pro·​scrip·​tion | \prō-ˈskrip-shən \

Definition of proscription 

1 : the act of proscribing : the state of being proscribed

2 : an imposed restraint or restriction : prohibition

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Other Words from proscription

proscriptive \ prō-​ˈskrip-​tiv \ adjective
proscriptively adverb

Synonyms & Antonyms for proscription


ban, embargo, interdict, interdiction, prohibition, veto



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Examples of proscription in a Sentence

the proscription against bicycles and skateboards is intended to make the plaza a more pedestrian-friendly place a strongly worded proscription against smoking indoors

Recent Examples on the Web

There are still some legal gray areas through which such techniques could reemerge — for example, how to interpret domestic and international legal proscriptions, for example — but that’s not the only concern about Haspel’s nomination. Elizabeth Grimm Arsenault, Washington Post, "With (or without) Gina Haspel at CIA, could Trump revive the torture program?," 8 May 2018 Those cases, however, turned on the Eighth Amendment's proscription of cruel and unusual punishment for prisoners. Bruce Vielmetti, Milwaukee Journal Sentinel, "Wisconsin unlawfully denies necessary treatment for transgender Medicaid recipients, lawsuit claims," 30 Apr. 2018 When their relationship began, in the fall of 2016, old proscriptions were triggered in force, but Harry would have none of it. Michael Joseph Gross, Town & Country, "How Commoners Are Saving the Royal Families of Europe," 17 Jan. 2018 As my colleague Olga Khazan wrote in 2013, the proscription was both cultural and religious. Krishnadev Calamur, The Atlantic, "Saudi Women May Get Driver's Licenses—With Some Major Caveats," 26 Sep. 2017 Accordingly, if Prop 1 passed, individual business owners or private citizens could take it upon themselves to decide how to enforce Prop 1's proscriptions. Bill Evans, Alaska Dispatch News, "Prop 1 is solution in search of problem; vote no," 12 Sep. 2017 The new galley, like the current one, will prepare takeout meals for the 41 captives consistent with Islam’s halal proscriptions for delivery to the cellblocks. Carol Rosenberg, miamiherald, "Guantánamo prison chow hall needs 400 lobster cracking tools," 31 Aug. 2017 To be sure, South Korea has no visible nuclear program or announced plans for it, but an international proscription is another matter. Henry A. Kissinger, WSJ, "How to Resolve the North Korea Crisis," 11 Aug. 2017 Chairman Conne Bisbee concurred, as did others on the board after a proscription against parole violations, even the simplest. Jennifer Brett, ajc, "O.J. Simpson granted early release," 20 July 2017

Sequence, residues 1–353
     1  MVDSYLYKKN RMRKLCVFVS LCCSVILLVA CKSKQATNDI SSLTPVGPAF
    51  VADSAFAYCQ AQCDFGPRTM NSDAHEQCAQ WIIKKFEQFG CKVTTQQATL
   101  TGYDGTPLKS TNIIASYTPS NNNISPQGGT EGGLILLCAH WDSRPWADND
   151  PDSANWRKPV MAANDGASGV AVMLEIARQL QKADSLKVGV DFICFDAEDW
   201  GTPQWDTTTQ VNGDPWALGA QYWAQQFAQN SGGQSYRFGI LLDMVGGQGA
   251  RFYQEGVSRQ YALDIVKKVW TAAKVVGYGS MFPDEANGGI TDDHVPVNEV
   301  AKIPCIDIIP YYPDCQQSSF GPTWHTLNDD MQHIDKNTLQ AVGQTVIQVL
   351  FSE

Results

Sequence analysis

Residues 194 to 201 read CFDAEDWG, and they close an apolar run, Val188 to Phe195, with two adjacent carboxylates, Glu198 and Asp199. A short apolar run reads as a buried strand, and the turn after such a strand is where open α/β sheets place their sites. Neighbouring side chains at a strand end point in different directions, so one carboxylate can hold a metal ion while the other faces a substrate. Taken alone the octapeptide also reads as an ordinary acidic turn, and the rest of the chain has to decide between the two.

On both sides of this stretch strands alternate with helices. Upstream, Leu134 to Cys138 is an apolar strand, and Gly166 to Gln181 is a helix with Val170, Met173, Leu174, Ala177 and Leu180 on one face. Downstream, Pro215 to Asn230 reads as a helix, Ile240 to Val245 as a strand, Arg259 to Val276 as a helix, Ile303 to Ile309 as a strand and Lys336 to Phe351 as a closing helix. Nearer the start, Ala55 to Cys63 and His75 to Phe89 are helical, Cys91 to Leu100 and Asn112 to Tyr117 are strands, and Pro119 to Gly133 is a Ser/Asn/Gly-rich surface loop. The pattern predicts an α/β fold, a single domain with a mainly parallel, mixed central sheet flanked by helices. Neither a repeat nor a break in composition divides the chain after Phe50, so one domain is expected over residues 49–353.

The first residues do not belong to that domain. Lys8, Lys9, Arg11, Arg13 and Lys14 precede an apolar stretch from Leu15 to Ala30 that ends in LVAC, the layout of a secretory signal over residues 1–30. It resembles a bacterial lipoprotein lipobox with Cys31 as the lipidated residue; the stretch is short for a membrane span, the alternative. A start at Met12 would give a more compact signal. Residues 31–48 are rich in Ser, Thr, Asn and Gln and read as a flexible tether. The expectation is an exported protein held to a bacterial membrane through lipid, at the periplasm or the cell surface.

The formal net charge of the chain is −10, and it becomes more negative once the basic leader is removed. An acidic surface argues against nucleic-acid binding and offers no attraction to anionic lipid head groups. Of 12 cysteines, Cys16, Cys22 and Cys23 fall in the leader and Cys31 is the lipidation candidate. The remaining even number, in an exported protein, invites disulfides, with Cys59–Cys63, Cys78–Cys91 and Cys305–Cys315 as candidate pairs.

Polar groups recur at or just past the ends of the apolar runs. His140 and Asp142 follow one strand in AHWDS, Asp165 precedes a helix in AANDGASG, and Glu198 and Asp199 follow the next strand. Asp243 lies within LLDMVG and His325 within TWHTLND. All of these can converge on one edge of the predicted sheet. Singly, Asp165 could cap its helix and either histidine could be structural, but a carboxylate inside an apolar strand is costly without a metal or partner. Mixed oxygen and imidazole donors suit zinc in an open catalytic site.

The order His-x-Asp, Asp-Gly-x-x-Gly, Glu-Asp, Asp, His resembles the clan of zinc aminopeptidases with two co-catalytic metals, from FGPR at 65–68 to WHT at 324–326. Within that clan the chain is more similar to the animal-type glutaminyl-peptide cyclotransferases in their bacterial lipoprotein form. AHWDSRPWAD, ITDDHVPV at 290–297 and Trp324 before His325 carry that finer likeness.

These example sentences are selected automatically from various online news sources to reflect current usage of the word 'proscription.' Views expressed in the examples do not represent the opinion of Merriam-Webster or its editors. Send us feedback.

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First Known Use of proscription

14th century, in the meaning defined at sense 1

History and Etymology for proscription

Middle English proscripcion, from Latin proscription-, proscriptio, from proscribere

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Time Traveler for proscription

The first known use of proscription was in the 14th century

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More Definitions for proscription


pro·​scrip·​tion | \prō-ˈskrip-shən \

Legal Definition of proscription 

1 : the act of proscribing : the state of being proscribed

2 : an imposed restraint or restriction

Other Words from proscription

proscriptive \ -​ˈskrip-​tiv \ adjective
proscriptively adverb

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Comments on proscription

What made you want to look up proscription? Please tell us where you read or heard it (including the quote, if possible).


playful or foolish behavior

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